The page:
Who died, and why? Those questions drive every murder mystery, and they are, indeed, at the heart of The Blue Room (originally titled La chambre bleue), a superb new film from actor/director Mathieu Amalric, based on a novel by Georges Simenon.
Before those questions are raised, Amalric sets the tone for a languid, sensual affair between Julien Gahyde, the character he plays, and Esther Despierre (Stéphanie Cléau), an old friend. Julien is comfortably married to Delphine (Léa Drucker), with whom he has a bright young daughter, Suzanne (Mona Jaffart). They enjoy a settled lifestyle in a beautiful home near the water. In the nearby small town, Esther is a pharmacist; she lives upstairs, discontentedly, with her husband. Julien and Esther begin meeting once a week for sexual pleasures, quietly expressing an apparently mutual desire to be together forever.
Things don’t work out quite that way, as made apparent early in the film. Julien is in custody and undergoing extensive questioning by the police. Who died, and why? As noted, those questions are at the heart of the story, but Julien’s mind is occupied by the past, by memories of Esther and warm afternoons spent naked in bed with her, by recollections of Delphine and the time they spent together and the off-handed way he treated her, by reminiscences about Suzanne, the true love of his life.
The unanswered questions burble in the background, occasionally fighting their way to center stage, but mostly allowing the more fascinating issue of character to come to the fore. Julien appeared to have everything: a beautiful wife, a beautiful child, a beautiful home, and a respectable job earning more than enough money. What drove him into the affair? He and Esther knew each other when they were much younger, yet they never consummated their interest. Was that yearning somehow burning in their loins for lo so many years? Were they both biding their time, hoping that their paths would cross again sometime in the future?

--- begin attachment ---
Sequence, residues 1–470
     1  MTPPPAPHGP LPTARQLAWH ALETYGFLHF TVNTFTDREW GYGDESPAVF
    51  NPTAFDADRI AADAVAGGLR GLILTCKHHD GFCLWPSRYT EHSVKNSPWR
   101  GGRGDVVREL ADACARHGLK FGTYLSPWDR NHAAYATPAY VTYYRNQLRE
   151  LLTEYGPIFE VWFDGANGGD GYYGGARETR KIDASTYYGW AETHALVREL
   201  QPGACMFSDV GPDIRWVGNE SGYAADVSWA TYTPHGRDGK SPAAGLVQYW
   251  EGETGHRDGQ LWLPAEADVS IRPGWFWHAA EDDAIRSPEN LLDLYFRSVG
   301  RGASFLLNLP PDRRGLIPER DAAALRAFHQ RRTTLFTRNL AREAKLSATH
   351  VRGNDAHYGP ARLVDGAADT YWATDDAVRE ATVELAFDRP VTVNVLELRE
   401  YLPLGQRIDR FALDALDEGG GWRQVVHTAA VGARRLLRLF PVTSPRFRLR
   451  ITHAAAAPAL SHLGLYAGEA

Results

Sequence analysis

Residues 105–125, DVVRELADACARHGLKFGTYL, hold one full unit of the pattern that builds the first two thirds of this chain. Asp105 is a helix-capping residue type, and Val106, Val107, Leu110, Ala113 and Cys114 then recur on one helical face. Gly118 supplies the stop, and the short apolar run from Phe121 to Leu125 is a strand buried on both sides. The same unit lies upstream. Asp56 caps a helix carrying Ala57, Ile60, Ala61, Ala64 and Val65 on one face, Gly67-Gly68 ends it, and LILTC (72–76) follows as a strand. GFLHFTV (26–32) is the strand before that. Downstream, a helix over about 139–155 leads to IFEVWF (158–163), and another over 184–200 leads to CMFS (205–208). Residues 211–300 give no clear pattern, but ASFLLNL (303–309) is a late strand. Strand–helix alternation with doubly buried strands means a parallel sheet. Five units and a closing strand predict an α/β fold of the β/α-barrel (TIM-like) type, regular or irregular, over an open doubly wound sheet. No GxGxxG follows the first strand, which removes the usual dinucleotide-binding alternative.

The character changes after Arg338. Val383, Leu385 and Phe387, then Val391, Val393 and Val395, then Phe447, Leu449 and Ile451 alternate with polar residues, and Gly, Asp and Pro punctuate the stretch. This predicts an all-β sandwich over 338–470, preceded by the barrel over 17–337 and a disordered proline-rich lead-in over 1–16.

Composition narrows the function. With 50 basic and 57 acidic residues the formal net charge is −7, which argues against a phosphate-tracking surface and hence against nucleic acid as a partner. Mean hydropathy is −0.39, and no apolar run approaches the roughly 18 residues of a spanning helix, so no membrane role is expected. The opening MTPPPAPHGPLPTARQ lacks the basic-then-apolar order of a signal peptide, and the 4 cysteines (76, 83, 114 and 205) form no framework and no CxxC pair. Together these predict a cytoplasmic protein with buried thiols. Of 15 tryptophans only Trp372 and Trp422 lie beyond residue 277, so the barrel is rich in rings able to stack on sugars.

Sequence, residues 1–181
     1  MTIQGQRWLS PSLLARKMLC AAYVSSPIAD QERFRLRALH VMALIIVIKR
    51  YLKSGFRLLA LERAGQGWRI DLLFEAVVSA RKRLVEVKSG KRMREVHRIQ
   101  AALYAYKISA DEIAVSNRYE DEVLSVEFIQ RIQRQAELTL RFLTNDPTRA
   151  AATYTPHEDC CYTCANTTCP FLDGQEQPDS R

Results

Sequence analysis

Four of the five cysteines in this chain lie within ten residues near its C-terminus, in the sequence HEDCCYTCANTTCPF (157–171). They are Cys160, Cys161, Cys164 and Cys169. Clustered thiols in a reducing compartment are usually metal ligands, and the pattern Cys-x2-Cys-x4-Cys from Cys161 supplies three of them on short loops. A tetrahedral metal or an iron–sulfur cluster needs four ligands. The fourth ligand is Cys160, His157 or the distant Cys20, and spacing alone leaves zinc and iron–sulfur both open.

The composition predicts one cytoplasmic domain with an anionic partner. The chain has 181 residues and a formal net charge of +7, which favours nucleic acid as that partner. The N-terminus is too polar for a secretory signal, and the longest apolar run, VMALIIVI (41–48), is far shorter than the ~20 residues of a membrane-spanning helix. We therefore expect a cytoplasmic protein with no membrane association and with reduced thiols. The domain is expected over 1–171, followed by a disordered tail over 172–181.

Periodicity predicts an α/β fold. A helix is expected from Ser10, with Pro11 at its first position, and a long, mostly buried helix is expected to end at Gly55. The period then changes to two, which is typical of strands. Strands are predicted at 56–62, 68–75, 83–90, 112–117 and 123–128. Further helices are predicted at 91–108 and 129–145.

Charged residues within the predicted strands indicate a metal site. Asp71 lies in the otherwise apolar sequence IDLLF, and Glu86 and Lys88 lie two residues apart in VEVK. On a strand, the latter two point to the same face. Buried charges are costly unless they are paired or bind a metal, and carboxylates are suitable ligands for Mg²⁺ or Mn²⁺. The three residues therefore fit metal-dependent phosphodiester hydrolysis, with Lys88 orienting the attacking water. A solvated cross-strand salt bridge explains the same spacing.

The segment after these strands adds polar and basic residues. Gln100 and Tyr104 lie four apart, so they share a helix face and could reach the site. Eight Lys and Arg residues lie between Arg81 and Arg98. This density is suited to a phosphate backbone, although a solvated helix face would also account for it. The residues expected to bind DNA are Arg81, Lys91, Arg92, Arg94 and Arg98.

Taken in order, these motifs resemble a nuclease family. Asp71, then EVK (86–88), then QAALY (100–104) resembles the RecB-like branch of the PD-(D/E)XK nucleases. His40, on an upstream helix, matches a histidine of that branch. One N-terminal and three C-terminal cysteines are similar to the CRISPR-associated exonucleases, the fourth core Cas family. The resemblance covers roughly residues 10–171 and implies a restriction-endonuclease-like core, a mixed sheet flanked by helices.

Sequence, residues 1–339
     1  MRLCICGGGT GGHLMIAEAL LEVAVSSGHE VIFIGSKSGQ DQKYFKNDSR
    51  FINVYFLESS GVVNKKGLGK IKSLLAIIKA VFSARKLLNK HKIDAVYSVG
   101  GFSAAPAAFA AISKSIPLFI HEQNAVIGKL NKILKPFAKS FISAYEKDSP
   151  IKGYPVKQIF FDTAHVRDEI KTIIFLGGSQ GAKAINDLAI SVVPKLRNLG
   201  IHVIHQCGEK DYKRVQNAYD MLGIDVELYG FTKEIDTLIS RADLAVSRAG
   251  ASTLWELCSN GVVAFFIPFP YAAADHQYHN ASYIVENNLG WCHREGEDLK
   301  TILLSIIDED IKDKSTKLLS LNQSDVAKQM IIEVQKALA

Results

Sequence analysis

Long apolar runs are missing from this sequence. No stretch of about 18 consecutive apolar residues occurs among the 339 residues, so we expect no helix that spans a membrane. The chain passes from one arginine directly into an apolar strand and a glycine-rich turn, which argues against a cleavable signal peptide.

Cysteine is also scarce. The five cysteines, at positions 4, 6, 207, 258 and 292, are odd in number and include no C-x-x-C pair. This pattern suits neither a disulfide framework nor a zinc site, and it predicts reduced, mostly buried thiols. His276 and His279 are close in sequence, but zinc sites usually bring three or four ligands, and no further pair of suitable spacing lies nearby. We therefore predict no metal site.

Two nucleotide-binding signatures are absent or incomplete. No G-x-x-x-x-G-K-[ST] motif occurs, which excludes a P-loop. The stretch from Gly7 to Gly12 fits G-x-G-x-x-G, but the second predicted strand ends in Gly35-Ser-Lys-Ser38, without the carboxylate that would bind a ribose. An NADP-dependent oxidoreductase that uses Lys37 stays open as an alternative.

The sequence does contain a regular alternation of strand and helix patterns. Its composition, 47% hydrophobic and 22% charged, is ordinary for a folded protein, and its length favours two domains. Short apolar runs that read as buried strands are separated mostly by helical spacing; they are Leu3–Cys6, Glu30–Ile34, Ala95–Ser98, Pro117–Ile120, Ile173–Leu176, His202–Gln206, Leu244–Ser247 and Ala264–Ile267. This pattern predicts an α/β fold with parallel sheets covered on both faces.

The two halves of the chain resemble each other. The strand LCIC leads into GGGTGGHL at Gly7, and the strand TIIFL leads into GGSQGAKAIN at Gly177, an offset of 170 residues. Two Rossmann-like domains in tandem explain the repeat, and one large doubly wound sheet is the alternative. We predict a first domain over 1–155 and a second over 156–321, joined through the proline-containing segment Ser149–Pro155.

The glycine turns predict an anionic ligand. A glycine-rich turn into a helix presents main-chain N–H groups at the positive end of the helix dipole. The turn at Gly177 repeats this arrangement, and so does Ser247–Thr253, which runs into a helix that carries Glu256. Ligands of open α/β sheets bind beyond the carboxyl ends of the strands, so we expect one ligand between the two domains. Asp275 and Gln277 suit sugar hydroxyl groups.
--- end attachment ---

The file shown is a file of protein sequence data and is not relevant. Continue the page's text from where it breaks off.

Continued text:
Amalric is best known in the U.S. as a very busy actor, but he’s made time to direct his own projects in France for years, and that experience results in a finely-tuned movie. It’s spare and distant, and maybe even a little chilly at times in its emotional restraint, but that works to the story’s abundant advantage when there is an outburst; it feels shocking and true. Visually, every shot feels well-chosen and fresh, without the distraction of bombastic music signaling the ‘proper’ response to the scene.
As an actor, Amalric effectively varies his own visage; his character is generally restrained in expressing emotion toward his wife, yet is much more open with his mistress, as evidenced by the markedly different physical nature of the relationships. Only with his daughter, however, can Julien be seen without affectation; it feels like the only pure relationship he’s ever had.
The rest of the cast toes a similar line; it feels like everyone is exercising self-control in support of the inner turmoil that so many are experiencing. That makes The Blue Room a rare and unexpected treat: a movie that builds in complexity one scene at a time, while storing up emotional power that never quite dissipates.
The film opens at the Angelika Film Center in Dallas on Friday, October 24.